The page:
" A fascinating book about the the cholera epidemic in London. This one doctor's crusade led to the idea of "public health". "

  • 4 out of 54 out of 54 out of 54 out of 54 out of 5 Kim | 11/8/2013

    " This was a fascinating book, and it was incredibly informative. It took me longer than expected to read though. It was to be my lunch break read, but reading about cholera on your lunch break is not recommended. "

  • 3 out of 53 out of 53 out of 53 out of 53 out of 5 Megan Getrum | 9/25/2013

    " Interesting look at the famous Dr. Snow saves town from Cholera by removing a pump handle story. There's lots more to it. If you liked the Poisoner's Handbook, you should like this as well (though the last two chapters are kinda wandery and over broad). "

  • 4 out of 54 out of 54 out of 54 out of 54 out of 5 Melanie | 8/31/2013

    " It was a slow read. It wasn't a hard read just slow. "

  • 3 out of 53 out of 53 out of 53 out of 53 out of 5 Jolie | 7/29/2013

    " I didn't finish it; I was only able to read about 1/4 of it but I liked it. I was surprised I like it. The science of cholera was interesting, as was the culture of Victorian England. The book made me appreciate modern medicine a lot more, too. "

  • 4 out of 54 out of 54 out of 54 out of 54 out of 5 Naomi | 7/27/2013

    " Although I had to read this for my Epidemiology class, it was actually a fantastic story. "

  • 4 out of 54 out of 54 out of 54 out of 54 out of 5 Barb Nuttall Pramick | 3/22/2013

    " I would never have selected this book on my own, but I loved it. At the very end, when Johnson applies his research to the modern world, I wanted to cheer. That is what good history is all about, showing how everything is connected. Well done. "

  • 5 out of 55 out of 55 out of 55 out of 55 out of 5 Liz Nutt | 3/18/2013

    " One of the best books I have read recently. It provides a very detailed and clear narrative of the process of solving the mystery of how cholera was spread. I loved the level of detail, how the author laid out how each piece of the puzzle was discovered and put together to form the solution. "

  • 5 out of 55 out of 55 out of 55 out of 55 out of 5 Annette | 1/8/2013

    " Exactly what history shoudl read like- interesting story, interdisciplinary look, and an openminded survey of elements. Plus it reads like a really good detective story where the reader is in the know the whole time and waiting for the principle characters to figure it all out by the end. "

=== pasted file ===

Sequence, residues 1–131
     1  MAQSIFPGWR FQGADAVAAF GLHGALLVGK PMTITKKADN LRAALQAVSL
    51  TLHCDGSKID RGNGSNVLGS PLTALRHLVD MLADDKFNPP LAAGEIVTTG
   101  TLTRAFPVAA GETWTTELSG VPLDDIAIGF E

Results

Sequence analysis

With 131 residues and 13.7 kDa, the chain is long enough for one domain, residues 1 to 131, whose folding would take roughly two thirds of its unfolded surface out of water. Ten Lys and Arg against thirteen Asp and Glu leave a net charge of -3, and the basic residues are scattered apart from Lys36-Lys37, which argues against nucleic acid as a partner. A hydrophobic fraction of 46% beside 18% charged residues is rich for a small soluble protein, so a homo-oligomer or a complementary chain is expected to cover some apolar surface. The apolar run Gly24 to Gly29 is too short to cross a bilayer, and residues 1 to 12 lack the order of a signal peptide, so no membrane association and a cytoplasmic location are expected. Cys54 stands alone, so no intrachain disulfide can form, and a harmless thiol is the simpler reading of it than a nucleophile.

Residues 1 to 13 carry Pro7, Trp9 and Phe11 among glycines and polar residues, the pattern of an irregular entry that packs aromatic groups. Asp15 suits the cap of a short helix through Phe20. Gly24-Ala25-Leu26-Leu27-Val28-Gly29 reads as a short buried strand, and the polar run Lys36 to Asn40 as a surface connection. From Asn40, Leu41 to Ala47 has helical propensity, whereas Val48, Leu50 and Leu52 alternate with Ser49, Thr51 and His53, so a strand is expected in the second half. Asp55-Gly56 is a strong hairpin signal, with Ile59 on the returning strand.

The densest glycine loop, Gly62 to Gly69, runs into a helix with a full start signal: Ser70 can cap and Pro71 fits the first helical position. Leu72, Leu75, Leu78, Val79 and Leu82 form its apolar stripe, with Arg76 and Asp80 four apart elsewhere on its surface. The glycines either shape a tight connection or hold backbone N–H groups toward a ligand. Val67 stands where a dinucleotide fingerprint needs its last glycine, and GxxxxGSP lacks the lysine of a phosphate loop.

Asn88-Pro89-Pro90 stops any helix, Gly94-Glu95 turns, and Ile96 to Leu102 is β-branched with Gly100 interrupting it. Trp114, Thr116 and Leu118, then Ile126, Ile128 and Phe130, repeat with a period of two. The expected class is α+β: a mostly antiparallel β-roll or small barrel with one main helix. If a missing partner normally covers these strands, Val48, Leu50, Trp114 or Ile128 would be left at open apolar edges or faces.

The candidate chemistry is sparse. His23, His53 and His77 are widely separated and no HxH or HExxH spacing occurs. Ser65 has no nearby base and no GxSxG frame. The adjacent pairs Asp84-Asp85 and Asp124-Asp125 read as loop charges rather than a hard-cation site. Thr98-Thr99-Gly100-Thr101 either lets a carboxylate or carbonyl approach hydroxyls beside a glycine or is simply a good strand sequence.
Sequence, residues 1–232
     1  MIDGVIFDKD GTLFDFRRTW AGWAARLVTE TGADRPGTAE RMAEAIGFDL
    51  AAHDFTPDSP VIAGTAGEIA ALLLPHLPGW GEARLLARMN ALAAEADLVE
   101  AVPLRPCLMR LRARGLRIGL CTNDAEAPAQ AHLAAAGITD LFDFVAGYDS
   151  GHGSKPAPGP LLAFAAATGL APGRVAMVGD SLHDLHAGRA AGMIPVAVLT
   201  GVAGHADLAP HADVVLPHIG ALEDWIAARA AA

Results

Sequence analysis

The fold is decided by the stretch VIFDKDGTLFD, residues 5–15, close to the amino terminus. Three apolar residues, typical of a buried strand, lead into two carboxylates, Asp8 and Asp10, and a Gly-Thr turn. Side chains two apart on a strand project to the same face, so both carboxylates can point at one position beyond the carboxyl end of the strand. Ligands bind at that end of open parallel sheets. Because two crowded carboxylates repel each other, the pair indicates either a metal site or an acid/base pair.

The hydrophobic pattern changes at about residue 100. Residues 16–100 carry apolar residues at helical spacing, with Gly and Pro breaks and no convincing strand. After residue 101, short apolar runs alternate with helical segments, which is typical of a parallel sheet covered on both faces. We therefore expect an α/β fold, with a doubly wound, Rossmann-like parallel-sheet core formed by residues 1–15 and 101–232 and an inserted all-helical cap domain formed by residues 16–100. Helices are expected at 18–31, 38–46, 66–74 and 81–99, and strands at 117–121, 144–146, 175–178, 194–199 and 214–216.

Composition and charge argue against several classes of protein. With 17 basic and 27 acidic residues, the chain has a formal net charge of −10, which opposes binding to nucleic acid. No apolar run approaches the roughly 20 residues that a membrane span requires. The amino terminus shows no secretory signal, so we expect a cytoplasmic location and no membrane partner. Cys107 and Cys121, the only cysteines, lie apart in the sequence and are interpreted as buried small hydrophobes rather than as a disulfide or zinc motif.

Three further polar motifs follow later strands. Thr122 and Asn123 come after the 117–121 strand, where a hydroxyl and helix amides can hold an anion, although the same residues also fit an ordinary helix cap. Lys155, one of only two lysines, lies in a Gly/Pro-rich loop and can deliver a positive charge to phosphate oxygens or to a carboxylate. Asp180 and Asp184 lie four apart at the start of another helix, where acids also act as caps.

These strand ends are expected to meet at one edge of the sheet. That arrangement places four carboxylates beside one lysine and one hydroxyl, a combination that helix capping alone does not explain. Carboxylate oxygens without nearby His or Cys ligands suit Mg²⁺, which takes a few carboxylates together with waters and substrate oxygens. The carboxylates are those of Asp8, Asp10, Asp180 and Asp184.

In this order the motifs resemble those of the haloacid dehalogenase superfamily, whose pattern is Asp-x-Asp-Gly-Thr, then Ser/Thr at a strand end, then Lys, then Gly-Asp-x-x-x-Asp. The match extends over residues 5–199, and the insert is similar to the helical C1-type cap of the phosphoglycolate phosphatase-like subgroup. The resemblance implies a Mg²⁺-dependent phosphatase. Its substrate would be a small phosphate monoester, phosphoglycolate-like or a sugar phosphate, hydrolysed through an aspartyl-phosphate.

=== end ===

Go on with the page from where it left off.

• 4 out of 54 out of 54 out of 54 out of 54 out of 5 Melissa | 11/5/2012

    " I loved the story and how it tells the history of public health. I attempted to read another by the same author and it didn't catch my attention however. "

  • 4 out of 54 out of 54 out of 54 out of 54 out of 5 Conchetta | 2/29/2012

    " A paradigm shift in the new (in 1850) science of epidemiology. "

  • 3 out of 53 out of 53 out of 53 out of 53 out of 5 Alberta | 8/5/2011

    " Way too much detailed information about the cholera epidemic in London than I would want... but a very informative book. I am not certain how well he was able to link the ideas to the current situation in the world. "

  • 5 out of 55 out of 55 out of 55 out of 55 out of 5 Stacy | 7/27/2011

    " Fantastic historical study of a deadly cholera outbreak in London during the Victorian era, focused around the actions of two men with very different approaches, whose combined efforts would help overcome the disease, and reshape how modern cities are designed. "

  • 3 out of 53 out of 53 out of 53 out of 53 out of 5 Cindy | 5/25/2011

    " This was scary to read in light of the recent scares of pandemic's and my Nursing background gave me even greater insight into how this will help determine outcomes. I was appalled at the living conditions of the day. dreadful. "

  • 4 out of 54 out of 54 out of 54 out of 54 out of 5 Sarah | 5/18/2011

    "
    Well-written and well-paced history of London's cholera outbreak of 1854. There was some repetitive analysis, but it was an interesting story and certainly worth a read. "

  • 4 out of 54 out of 54 out of 54 out of 54 out of 5 Chris | 5/10/2011

    " I read this book about epidemic disease and urban sanitation, in part, on the most squalid SEPTA train I've ever been on. It really gave me some food for thought, I guess. "

  • 4 out of 54 out of 54 out of 54 out of 54 out of 5 Emily | 5/4/2011

    " Really good! The sociologist nerd in me loved the qualitative and quantitative methodology to figure out what caused the outbreak. Plus, the writing was super entertaining--I never thought reading about cholera could be so engrossing... "

  • 5 out of 55 out of 55 out of 55 out of 55 out of 5 Hania | 4/17/2011

    " totally fascinating look into history; fantastic storytelling "

  • 4 out of 54 out of 54 out of 54 out of 54 out of 5 Jimmie | 4/15/2011

    " Fascinating story of how man can conquer disease! "

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About the Author
Author Steven Johnson

Steven Johnson is the bestselling author of ten books, including How We Got to Now, Where Good Ideas Come From, The Invention of Air, The Ghost Map, and Everything Bad Is Good for You. The founder of a variety of influential websites, he is the host and co-creator of the PBS and BBC series How We Got to Now. Johnson lives in Marin County, California, and Brooklyn, New York, with his wife and three sons.

About the Narrator

Alan Sklar, a graduate of Dartmouth, has excelled in his career as a freelance voice actor. He began narrating audiobooks in 1996, winning seven AudioFile Earphones Awards and earning several “Best Voice” awards. He has also worked as a stage actor and as a promo announcer at WPIX-TV in New York City. His dream is to be an opera singer, a role for which he hones his bass-baritone operatic skills in the upstairs shower of his home.